Fixing the Poor

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Fixing the Poor

Hardback
, 304 pages

10 halftones, 2 maps, 1 graph

ISBN:
9781421423722
November 2017
$54.95

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Fixing the Poor

Eugenic Sterilization and Child Welfare in the Twentieth Century

Between 1907 and 1937, thirty-two states legalized the sterilization of more than 63,000 Americans. In Fixing the Poor, Molly Ladd-Taylor tells the story of these state-run eugenic sterilization programs. She focuses on one such program in Minnesota, where surgical sterilization was legally voluntary and administered within a progressive child welfare system.

Tracing Minnesota’s eugenics program from its conceptual origins in the 1880s to its official end in the 1970s, Ladd-Taylor argues that state sterilization policies reflected a wider variety of worldviews and political agendas than previously understood. She describes how, after 1920, people endorsed sterilization and its alternative, institutionalization, as the best way to aid dependent children without helping the "undeserving" poor. She also sheds new light on how the policy gained acceptance and why coerced sterilizations persisted long after eugenics lost its prestige. In Ladd-Taylor’s provocative study, eugenic sterilization appears less like a deliberate effort to improve the gene pool than a complicated but sadly familiar tale of troubled families, fiscal and administrative politics, and deep-felt cultural attitudes about disability, dependency, sexuality, and gender.

Drawing on institutional and medical records, court cases, newspapers, and professional journals, Ladd-Taylor reconstructs the tragic stories of the welfare-dependent, sexually delinquent, and disabled people who were labeled feebleminded and targeted for sterilization. She chronicles the routine operation of Minnesota’s three-step policy of eugenic commitment, institutionalization, and sterilization in the 1920s and 1930s and shows how surgery became the "price of freedom" from a state institution. Combining innovative political analysis with a compelling social history of those caught up in Minnesota’s welfare system, Fixing the Poor is a powerful reinterpretation of eugenic sterilization.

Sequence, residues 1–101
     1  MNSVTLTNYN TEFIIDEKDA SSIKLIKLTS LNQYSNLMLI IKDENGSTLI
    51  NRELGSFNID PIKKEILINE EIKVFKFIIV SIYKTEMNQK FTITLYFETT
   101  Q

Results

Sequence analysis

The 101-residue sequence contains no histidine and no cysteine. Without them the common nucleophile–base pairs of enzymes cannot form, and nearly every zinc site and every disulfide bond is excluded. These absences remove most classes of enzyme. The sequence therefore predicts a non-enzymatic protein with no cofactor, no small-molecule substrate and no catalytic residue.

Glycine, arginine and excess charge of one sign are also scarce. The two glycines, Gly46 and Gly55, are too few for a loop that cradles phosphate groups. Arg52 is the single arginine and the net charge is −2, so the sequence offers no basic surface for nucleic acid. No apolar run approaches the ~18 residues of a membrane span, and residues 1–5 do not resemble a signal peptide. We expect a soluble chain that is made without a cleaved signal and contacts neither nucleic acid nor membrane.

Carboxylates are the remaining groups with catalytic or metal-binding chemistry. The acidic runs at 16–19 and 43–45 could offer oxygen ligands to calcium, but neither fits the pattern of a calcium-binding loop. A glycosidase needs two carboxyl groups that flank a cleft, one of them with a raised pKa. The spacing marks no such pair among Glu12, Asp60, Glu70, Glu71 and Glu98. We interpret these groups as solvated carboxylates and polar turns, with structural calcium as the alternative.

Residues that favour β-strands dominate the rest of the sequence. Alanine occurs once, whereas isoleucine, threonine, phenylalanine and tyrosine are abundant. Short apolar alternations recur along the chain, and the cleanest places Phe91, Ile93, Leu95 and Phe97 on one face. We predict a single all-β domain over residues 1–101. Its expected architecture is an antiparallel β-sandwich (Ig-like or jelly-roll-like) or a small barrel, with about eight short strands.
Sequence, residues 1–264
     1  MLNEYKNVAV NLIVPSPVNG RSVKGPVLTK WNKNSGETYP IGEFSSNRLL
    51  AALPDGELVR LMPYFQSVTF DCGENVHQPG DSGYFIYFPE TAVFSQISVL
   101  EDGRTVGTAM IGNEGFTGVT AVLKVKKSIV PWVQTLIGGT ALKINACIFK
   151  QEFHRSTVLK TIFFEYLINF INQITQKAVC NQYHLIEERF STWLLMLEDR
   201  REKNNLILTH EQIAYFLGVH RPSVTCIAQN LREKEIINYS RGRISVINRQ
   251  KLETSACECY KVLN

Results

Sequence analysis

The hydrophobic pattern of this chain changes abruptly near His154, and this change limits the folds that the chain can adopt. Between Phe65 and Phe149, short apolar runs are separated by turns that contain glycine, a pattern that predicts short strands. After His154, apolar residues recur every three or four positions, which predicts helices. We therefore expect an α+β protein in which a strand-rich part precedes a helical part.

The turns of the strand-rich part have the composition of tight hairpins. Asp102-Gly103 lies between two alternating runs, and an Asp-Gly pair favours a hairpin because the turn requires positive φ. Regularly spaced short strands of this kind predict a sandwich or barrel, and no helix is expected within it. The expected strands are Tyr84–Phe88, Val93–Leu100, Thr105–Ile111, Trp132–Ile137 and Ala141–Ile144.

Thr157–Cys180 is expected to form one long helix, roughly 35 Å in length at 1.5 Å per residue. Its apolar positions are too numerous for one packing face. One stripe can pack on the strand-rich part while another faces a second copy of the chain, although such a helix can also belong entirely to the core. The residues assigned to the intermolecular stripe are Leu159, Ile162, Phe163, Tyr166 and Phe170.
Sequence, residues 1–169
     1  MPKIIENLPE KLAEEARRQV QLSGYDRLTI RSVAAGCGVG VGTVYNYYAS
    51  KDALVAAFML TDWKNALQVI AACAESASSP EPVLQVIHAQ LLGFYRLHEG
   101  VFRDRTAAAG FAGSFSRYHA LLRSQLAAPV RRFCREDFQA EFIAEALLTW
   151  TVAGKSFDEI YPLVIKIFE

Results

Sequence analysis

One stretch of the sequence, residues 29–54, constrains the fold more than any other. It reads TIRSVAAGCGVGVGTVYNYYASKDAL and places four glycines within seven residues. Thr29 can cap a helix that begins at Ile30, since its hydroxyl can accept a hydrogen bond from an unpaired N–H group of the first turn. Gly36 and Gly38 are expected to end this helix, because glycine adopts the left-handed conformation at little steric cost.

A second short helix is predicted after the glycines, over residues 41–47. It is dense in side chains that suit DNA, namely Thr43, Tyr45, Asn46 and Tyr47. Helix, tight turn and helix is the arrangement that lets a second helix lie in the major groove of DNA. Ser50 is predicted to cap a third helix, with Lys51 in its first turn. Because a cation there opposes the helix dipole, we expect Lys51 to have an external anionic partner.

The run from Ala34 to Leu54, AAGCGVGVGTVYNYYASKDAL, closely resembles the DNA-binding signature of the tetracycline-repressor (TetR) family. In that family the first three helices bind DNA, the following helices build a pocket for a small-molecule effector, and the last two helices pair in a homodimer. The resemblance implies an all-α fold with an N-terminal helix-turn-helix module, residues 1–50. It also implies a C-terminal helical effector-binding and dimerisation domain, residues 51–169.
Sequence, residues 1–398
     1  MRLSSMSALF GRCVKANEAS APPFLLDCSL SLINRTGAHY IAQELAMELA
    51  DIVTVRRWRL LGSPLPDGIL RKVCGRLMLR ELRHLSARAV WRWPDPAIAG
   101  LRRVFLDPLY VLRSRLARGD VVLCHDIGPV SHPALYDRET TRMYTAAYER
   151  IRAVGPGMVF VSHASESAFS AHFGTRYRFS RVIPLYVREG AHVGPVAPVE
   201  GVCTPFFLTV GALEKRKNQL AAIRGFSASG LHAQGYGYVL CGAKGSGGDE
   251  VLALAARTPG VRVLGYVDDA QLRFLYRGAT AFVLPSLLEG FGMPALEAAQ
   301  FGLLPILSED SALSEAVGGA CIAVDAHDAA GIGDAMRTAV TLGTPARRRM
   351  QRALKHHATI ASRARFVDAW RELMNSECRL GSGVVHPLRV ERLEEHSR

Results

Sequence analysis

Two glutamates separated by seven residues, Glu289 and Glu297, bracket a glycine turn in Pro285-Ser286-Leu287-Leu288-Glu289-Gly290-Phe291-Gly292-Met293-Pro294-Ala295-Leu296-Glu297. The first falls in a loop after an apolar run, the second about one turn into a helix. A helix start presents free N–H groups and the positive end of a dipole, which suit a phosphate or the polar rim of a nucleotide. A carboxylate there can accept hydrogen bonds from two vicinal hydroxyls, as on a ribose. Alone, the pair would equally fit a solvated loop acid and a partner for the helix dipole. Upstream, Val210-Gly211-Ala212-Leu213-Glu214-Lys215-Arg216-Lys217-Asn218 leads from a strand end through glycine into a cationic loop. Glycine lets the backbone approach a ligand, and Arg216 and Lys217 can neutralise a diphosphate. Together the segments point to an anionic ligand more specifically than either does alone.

Molly Ladd-Taylor is a professor of history at York University. She is the author of Mother-Work: Women, Child Welfare, and the State, 1890–1930 and the coeditor of "Bad" Mothers: The Politics of Blame in Twentieth-Century America.

"Ladd-Taylor persuasively shows that the emergence and maintenance of sterilization was as entangled with state bureaucracy and welfare programs as it was with eugenic concerns about biological degeneracy. This book is a detailed and textured portrait of the politics and experiences of institutionalization and sterilization in twentieth-century Minnesota."

"Despite its broad title, the book focuses solely on Minnesota and draws from information housed in the Minnesota State Archives. Ladd-Taylor, a professor of history at York University, sees this troubling past as part of Minnesota's efforts to reduce social welfare support for many vulnerable populations."

"While Fixing the Poor highlights the shifts in Minnesota's eugenics policies from the late nineteenth century through the 1970s, the book's conclusion presents a grim, though not entirely surprising, take on the continuity of thinly veiled eugenics policies in the United States. Instruments of control now take the shape of child welfare and criminal justice systems, which often brand welfare-dependent individuals as lazy, undeserving, and in some cases, unfit for parenthood. Fixing the Poor should appeal to historians of eugenics, social welfare, and disability and women's studies, but also readers who are interested in how local, "ordinary" histories can complicate and broaden our understanding of national and global trends."

"Studies the impact of efforts to "contain" and distinguish the variously and often incoherently defined problems of "delinquency", "immorality", "imbecility", "waywardness" and "feeblemindedness". Poor people, particularly women and girls, were suspected disproportionately of being the source of such conditions. Ideologically, "treatment" was framed as an issue of public health, but Ladd-Taylor shows that an even greater concern was sparing the public purse... Ladd-Taylor literally follows the money that underwrote hospitals, prisons and special schools, using the state of Minnesota as an exemplar."

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